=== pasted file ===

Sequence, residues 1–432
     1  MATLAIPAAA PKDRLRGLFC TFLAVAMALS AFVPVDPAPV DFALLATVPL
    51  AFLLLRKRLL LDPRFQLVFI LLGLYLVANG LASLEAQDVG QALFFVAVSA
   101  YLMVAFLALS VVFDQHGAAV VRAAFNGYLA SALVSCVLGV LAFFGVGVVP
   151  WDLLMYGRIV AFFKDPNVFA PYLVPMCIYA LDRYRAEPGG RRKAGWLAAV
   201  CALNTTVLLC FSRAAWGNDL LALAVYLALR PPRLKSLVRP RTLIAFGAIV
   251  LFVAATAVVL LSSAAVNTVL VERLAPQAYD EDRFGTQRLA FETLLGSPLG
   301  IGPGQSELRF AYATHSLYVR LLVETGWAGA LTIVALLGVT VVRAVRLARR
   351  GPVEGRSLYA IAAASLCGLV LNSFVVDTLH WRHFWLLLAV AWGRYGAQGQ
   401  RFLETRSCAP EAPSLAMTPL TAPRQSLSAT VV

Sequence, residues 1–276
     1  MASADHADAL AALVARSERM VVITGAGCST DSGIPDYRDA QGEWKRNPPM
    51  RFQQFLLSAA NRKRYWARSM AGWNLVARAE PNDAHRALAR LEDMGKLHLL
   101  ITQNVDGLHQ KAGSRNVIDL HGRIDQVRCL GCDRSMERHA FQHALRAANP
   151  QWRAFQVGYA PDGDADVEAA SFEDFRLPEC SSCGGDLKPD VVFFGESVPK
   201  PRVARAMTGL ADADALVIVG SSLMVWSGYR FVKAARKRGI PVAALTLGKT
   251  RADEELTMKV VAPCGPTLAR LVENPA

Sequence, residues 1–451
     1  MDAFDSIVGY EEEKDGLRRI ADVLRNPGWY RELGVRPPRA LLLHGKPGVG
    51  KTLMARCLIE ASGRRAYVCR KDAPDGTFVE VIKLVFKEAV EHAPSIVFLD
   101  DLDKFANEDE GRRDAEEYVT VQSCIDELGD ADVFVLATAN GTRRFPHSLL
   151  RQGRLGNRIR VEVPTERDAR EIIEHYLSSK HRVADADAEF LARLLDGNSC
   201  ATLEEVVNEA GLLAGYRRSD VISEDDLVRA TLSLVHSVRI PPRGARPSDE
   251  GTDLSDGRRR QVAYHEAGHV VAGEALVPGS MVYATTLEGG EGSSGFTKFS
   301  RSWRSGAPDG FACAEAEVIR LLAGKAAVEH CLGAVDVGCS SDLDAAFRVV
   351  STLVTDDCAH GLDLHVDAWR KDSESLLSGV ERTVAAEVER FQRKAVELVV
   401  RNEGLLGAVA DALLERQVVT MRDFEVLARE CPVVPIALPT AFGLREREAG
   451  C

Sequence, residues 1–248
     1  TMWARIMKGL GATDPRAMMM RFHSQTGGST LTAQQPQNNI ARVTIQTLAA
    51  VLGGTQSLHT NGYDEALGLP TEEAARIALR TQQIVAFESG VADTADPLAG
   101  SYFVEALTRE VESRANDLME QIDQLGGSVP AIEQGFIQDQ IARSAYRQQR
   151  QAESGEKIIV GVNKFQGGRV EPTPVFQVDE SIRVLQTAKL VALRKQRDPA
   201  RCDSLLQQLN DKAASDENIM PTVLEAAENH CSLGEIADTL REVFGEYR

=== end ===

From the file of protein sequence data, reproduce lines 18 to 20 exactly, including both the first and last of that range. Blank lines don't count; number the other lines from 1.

Sequence, residues 1–451
     1  MDAFDSIVGY EEEKDGLRRI ADVLRNPGWY RELGVRPPRA LLLHGKPGVG
    51  KTLMARCLIE ASGRRAYVCR KDAPDGTFVE VIKLVFKEAV EHAPSIVFLD